Liverpool is a strange place - a hugely redeveloped pin-sized city centre attempting to counterbalance a sprawling donut of hideous estates. On a match day, it's a stranger place still. Hundreds of clueless tourists and southern-scousers making their one trip of the year to Anfield. Adorned with armfuls of branded tat, stopping to photograph every crack in the pavement, clutching a copy of the words to 'You'll Never Walk Alone', they hold their nose and close their eyes in the taxi to ground and make damn sure they're back for the 5.15 to Euston.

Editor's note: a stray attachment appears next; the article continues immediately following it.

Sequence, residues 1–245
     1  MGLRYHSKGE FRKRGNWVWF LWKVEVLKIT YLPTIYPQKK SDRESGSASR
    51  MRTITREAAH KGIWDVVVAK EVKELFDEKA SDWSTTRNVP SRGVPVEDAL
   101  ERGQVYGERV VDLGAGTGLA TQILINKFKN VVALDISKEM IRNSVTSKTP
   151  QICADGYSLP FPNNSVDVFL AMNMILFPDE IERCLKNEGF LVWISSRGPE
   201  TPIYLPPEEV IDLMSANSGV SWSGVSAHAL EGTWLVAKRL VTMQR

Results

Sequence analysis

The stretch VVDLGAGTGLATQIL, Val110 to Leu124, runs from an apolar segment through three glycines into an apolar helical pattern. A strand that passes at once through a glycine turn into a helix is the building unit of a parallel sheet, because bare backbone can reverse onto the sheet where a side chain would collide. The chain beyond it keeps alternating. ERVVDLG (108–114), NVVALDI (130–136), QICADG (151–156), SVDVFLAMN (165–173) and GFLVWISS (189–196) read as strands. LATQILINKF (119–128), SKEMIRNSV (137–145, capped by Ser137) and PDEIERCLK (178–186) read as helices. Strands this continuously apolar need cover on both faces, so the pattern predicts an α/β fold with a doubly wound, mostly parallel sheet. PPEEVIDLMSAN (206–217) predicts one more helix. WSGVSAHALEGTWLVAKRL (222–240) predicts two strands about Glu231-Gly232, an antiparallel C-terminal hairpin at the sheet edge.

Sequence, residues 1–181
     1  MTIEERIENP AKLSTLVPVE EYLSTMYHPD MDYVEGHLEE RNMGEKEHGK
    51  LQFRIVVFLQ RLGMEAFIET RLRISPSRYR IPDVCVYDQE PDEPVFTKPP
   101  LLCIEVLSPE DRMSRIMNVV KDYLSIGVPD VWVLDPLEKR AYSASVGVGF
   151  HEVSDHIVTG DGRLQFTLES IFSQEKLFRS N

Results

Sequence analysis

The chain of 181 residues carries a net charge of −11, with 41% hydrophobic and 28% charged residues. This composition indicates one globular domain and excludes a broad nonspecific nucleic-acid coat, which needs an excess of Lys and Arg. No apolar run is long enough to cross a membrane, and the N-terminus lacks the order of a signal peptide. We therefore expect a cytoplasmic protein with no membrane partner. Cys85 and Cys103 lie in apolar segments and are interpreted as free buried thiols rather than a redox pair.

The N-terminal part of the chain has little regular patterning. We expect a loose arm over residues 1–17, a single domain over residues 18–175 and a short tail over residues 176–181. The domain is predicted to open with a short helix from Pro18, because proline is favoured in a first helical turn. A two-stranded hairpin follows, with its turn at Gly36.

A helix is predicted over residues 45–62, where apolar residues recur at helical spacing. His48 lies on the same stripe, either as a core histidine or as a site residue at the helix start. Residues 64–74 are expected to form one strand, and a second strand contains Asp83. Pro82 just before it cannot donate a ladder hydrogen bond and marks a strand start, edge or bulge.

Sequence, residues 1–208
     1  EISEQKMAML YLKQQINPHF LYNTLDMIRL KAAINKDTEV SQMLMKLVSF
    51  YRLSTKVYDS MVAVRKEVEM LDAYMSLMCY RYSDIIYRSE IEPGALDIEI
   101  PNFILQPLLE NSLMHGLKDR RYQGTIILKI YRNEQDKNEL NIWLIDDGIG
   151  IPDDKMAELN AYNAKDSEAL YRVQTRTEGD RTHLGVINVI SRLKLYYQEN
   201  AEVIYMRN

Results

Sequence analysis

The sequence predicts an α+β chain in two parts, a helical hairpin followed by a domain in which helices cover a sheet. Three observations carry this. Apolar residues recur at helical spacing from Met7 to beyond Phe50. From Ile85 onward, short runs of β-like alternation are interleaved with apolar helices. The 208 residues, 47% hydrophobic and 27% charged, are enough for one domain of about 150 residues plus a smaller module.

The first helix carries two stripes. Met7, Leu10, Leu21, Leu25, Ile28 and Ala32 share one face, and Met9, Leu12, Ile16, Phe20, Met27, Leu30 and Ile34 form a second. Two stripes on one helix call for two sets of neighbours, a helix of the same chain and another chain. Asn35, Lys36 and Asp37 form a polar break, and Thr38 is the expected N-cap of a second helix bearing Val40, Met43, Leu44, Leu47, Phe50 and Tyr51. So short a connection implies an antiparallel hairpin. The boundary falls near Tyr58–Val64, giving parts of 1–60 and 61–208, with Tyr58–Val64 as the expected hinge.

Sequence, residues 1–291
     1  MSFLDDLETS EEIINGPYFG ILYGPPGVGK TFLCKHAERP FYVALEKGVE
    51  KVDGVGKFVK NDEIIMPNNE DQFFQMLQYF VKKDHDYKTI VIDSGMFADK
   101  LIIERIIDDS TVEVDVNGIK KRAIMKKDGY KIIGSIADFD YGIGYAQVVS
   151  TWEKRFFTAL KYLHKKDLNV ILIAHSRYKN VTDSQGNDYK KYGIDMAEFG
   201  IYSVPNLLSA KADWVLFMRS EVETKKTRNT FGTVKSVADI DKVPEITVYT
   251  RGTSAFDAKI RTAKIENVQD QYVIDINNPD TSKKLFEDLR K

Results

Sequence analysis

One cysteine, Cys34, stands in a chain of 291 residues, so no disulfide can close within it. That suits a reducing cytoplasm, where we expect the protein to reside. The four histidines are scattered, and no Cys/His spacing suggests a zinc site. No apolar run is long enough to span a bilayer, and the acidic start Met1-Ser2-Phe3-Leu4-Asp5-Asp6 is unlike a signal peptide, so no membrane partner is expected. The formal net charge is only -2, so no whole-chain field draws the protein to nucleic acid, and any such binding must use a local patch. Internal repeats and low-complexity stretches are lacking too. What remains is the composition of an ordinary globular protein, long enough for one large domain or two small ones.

As footballing experiences go, a trip to Anfield is the perfect pink Barbie doll that Sky Sports want the Premier League to be.
I was pleasantly surprised by the taste of the breakfast, all six mouthfuls of it. So this wasn't the venue for the world's largest, greasiest fry-up, but I expected more than two chipolatas and a single piece of mushroom. Strangely they were accompanied by a saucer-sized black pudding. All-in-all, a terrible balance.
Moving from a place which describes 'being social' as more than just a political ideology - a bizarre nonsensical statement with which to advertise your restaurant - to one where communism rules supreme: from each according to his own (Sky Sports) to each according to his need (the people of Liverpool). Cafe Sports Express in the aptly named Chavesse Park shows football from (channels) around the world on it's twenty-five televisions, accompanied by a chef on a whistle announcing when another Piadina Carragher is served. I'll say no more.